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March 14, 2012

How Much Butter Are Those Guns Costing?

Posted by Benoit Taiclet and Greg Horman

We have read—and appreciated—a recent publication under the program, “The Transparency of National Defense Budgets,” by Mariya Gorbanova and Leah Wawro, on budget transparency around defense expenditures.

Defense and security establishments have traditionally been among the organizations least open to public or intra-governmental scrutiny. The secrecy that veils some defense activities often extends far beyond what is justified on security grounds, making the sector particularly vulnerable to corruption, anti-competitive behavior, and other illegal practices. Facilitated by excessively secretive budgets, corruption reduces the operational effectiveness of the armed forces and security services and reduces public trust in them. Corruption in defense and security establishments also wastes scarce resources that could be spent on other public services. International companies are less inclined to invest in countries where government or private-sector corruption is significant, impeding economic development. Thus, corruption not only harms defense institutions themselves, but also hinders a country’s economic and social development, undermines the integrity of the government, and reduces public trust in the authorities.

Against this background, the International Defense and Security Program, an initiative started in 2004 by the UK chapter of Transparency International, is committed to reducing corruption and increasing transparency and accountability in defense and security ministries and agencies, the armed forces, and defense-related suppliers. The objectives are to raise awareness of corruption in the defense sector and provide practical tools to reduce corruption-related risks, collaborate with governments and international organizations to enhance transparency in defense institutions, work with defense companies to raise industry standards in contracting, and develop centers and international networks of anti-corruption expertise.

A recent publication under the program, The Transparency of National Defense Budgets, by Mariya Gorbanova and Leah Wawro, identifies strengths and weaknesses in budget transparency around defense expenditures and sets a framework for further study in this area. The publication addresses the main aspects of defense-budget transparency from available public information and, importantly, establishes a baseline evaluation of defense-budget transparency in 93 countries.

This is apparently the first-ever cross-country comparison of defense-budget transparency. Using responses from a questionnaire, the authors assessed defense budget transparency according to a 5-point scale against criteria such as the dissemination of defense-related budget information to the public, the extent of classified items in the budget, the nature of the defense-related information provided to the legislature, and audit practices pertaining defense expenditure.

The results of this research make clear the scale of the challenge. Nearly two thirds of the countries scored low, moderate-to-low, or moderate. At the other end of the scale, only 14 percent of the countries, predominantly developed countries with strong democratic systems in place, scored high. In the middle, one fifth of the countries scored moderate-to-high, representing a diverse range of countries from Africa, Asia, Europe, and Latin America.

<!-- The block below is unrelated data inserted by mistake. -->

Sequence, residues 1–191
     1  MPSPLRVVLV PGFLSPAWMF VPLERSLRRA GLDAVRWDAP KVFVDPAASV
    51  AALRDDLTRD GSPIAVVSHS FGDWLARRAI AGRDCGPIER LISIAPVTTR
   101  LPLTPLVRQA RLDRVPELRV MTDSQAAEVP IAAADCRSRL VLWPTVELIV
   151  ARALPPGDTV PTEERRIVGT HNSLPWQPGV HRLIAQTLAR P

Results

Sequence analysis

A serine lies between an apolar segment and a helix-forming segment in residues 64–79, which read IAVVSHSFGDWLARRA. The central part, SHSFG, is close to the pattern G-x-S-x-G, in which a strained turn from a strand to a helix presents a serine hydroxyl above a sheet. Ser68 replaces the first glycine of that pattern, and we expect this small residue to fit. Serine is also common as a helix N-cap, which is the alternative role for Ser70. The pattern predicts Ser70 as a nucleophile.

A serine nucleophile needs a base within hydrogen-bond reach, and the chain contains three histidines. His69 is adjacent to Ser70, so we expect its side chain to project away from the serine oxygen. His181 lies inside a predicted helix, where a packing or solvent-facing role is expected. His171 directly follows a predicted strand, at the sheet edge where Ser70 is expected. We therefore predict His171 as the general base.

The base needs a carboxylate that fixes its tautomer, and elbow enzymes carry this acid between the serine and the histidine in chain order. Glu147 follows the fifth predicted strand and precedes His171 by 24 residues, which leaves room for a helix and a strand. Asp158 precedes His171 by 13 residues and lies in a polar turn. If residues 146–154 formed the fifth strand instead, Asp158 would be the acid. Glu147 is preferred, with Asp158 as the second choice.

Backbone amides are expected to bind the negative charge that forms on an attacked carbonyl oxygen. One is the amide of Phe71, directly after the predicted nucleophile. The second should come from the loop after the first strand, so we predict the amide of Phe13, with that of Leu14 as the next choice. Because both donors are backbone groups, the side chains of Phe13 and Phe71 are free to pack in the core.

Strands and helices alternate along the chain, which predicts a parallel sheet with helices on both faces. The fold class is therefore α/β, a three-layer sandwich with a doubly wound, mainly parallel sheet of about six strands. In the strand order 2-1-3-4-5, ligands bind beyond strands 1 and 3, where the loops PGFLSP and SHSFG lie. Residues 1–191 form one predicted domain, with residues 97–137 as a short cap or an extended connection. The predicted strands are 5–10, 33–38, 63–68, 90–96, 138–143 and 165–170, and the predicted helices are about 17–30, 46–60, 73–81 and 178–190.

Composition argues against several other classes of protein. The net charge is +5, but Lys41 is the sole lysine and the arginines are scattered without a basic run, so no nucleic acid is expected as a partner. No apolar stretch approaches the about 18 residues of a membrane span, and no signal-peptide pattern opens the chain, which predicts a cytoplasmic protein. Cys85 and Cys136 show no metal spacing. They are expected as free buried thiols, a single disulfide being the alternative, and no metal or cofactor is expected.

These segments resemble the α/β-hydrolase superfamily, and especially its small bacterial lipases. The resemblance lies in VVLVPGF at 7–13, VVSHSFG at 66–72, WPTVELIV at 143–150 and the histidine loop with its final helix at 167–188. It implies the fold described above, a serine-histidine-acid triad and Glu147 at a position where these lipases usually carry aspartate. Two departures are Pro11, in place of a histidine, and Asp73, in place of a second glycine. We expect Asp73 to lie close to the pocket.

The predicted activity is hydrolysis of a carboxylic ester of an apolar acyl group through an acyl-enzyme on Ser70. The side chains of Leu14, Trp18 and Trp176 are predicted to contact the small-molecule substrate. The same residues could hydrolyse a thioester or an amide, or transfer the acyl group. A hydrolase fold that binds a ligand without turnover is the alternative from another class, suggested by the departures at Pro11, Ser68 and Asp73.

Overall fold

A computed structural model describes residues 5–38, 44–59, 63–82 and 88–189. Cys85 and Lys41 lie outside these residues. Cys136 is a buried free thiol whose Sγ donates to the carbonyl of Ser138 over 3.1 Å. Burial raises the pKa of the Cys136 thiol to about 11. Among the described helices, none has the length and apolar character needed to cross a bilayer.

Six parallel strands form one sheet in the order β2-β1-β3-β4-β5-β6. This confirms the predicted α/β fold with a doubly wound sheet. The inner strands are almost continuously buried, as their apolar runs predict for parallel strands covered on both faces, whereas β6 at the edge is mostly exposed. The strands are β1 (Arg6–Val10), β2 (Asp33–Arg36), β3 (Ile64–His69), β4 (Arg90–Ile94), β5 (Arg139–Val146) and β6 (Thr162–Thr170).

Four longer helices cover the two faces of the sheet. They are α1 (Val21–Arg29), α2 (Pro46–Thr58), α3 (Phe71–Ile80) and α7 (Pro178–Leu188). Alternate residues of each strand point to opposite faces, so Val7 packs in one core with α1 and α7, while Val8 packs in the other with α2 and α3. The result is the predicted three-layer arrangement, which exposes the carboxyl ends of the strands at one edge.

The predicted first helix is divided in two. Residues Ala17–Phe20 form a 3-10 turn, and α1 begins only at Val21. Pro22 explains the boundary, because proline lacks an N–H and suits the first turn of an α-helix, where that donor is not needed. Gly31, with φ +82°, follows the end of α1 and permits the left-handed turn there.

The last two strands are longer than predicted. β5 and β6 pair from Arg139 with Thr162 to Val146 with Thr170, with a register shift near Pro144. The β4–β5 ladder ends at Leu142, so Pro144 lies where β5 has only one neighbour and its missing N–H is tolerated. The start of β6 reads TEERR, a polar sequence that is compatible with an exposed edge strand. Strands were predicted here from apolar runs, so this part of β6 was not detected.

The publication also highlights some good practices. In South Korea, for example, to enhance transparency of defense expenditure, while mitigating the risk of exposing highly sensitive security-related information, the defense budget is split into three categories where information is gradually disaggregated: first, information presented for discussion to the entire National Assembly in an aggregated form; second, information disclosed to members of a designated committee of legislators in a somewhat more disaggregated and detailed form; and lastly information that is substantially disaggregated and presented only to the Committee of National Defense. In South America, the countries subscribing to the Santiago de Chile Declaration, supplemented by the more recent Guayaquil Declaration of May 2010, have agreed to adopt a common methodology for measuring defense spending in order to encourage higher transparency. This regional agreement not only provides its members with a platform for discussions on defense-related matters, but also demonstrates that bolstering defense-budget transparency on a cooperative basis can strengthen regional security and stability.

This publication is a real step forward, but it deserves to be followed up. A transparent budget is helpful but, in itself, is not sufficient to eradicate corruption. Further research could include on-site studies and should cover the whole scope of defense-related expenditure. Decision-making regarding defense procurement also merits investigation and could be assessed in a similar way, against criteria such as the scope of procurement covered by restricted procedures, the efficiency of defense-related markets, the average costs of supplies and deliveries, perceptions of corruption along the chain of defense expenditure, and the extent and readiness of the armed forces compared to budget expectations and other constraints.

Note: The posts on the IMF PFM Blog should not be reported as representing the views of the IMF. The views expressed are those of the authors and do not necessarily represent those of the IMF or IMF policy.


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